IMF: Brazil Is Reaping Fruits of Past Policies

    This year, 2004, is proving to be a very important year of recovery and growth for the Latin America. Developments have been even more favorable than we expected. In particular, the recovery in Latin America has strengthened further and broadened from the initial upturn in exports to increasing strength in domestic demand.

    As a result, growth this year should be the strongest since 1997. And despite the stronger activity and the rising commodity prices that we of course all see, inflation in the Region has generally remained well-contained, and policymakers have continued to use the favorable environment, both domestically and externally, to strengthen their economies.


    Of course, challenges remain. The main challenge is how to entrench and lock in the higher growth that we are seeing into the medium term and raise living standards across the Region.


    Let me just say also that the generally encouraging picture for the Region owes much to the performance of the United States, which has continued to provide considerable support for the rest of the Hemisphere.


    Let me give you just one number: U.S. imports from Latin America were at least 20-percent higher in the first half of this year compared to last year. This gives you a measure of the support being provided by demand and growth in the U.S. to exports from the rest of the Hemisphere.


    In Latin America itself, the pace of the recovery, as I have said, has exceeded our expectations. Growth this year in the Region as a whole is now expected to be around 4.5 percent, which is at least half-a-percentage point higher than we had anticipated just six months ago.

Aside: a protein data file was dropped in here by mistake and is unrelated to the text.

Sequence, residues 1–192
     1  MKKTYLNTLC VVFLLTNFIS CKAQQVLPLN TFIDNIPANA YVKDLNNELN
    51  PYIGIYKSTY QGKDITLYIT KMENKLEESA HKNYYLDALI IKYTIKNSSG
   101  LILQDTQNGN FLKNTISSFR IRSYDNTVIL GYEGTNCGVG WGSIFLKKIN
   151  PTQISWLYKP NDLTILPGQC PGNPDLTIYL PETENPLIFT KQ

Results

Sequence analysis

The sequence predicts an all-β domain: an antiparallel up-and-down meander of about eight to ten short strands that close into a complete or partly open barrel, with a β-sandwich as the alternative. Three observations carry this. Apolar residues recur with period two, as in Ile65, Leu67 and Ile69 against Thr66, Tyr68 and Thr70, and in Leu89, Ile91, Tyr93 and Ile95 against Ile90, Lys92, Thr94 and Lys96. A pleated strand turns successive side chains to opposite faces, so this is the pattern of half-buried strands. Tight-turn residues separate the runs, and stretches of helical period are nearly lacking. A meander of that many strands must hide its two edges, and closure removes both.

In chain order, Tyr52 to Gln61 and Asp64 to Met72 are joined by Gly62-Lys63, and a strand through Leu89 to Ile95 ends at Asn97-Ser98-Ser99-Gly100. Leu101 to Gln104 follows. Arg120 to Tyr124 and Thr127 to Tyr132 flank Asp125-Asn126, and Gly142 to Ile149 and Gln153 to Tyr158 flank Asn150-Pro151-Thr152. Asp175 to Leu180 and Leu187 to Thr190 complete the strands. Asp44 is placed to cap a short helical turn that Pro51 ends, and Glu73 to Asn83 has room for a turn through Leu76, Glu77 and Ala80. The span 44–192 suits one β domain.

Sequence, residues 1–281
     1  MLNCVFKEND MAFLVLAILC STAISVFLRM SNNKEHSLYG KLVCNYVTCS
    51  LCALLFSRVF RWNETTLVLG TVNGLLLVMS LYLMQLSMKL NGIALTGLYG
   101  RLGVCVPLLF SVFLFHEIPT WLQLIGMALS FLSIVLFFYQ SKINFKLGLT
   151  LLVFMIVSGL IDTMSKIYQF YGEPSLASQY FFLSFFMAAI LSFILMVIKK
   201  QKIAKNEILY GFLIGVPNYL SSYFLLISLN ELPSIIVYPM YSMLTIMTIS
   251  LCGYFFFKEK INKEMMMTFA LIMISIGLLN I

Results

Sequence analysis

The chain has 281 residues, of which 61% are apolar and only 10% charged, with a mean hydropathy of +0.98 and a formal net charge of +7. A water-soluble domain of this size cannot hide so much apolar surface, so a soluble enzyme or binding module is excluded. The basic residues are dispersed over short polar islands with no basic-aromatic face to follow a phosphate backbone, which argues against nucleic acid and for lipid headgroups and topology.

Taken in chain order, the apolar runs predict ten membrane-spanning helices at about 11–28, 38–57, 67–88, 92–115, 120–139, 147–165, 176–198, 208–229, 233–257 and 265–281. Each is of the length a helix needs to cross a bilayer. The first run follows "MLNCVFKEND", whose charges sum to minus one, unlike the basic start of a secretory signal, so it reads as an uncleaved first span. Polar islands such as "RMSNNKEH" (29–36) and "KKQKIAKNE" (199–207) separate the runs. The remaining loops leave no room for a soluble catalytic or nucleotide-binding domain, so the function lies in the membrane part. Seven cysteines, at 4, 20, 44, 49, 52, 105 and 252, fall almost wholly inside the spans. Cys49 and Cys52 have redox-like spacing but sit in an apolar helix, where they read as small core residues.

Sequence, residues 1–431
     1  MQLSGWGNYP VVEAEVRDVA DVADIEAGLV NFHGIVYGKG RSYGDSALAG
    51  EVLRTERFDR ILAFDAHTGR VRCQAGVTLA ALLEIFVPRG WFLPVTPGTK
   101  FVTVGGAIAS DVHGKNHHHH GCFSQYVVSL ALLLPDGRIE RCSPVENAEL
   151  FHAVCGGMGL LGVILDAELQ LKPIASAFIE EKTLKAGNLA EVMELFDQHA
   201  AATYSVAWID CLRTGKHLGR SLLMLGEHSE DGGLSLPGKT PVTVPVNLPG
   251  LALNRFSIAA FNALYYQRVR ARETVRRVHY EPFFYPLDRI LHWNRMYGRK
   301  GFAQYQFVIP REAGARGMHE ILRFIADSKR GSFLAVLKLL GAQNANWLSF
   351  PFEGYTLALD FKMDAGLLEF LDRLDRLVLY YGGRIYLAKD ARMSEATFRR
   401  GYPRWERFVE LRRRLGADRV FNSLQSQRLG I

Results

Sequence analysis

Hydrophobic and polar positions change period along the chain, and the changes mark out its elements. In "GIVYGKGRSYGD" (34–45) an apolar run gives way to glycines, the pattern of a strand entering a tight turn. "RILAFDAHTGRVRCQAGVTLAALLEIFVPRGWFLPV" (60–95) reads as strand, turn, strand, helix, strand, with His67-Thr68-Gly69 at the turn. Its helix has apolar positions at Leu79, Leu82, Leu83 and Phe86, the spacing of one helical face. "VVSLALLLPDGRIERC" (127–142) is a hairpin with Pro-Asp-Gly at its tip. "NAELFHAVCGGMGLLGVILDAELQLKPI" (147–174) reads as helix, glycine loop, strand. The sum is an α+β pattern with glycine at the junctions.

The key point about the higher growth rate that we now see is that domestic demand is leading growth, and is also quite broad-based; both private consumption and business investment that we see are growing briskly.


    Growth in the Region should remain relatively strong next year, should be at least 3.5 percent. Of course, there are risks, both upside and downside, that we will have to weigh as we come to the coming months.


    Briefly, a word on the policy framework of our countries in the Region. As I said, governments have recognized that this environment provides an important opportunity to press ahead with reforms that address the weaknesses and vulnerabilities of their economies. Certainly much has been achieved in the last couple of years.


    We have seen, most importantly perhaps, a huge swing in the Region’s external position. You only have to look at the turnaround in the trade and current account of both Argentina and Brazil to see how much the external positions have swung into surplus over the past year.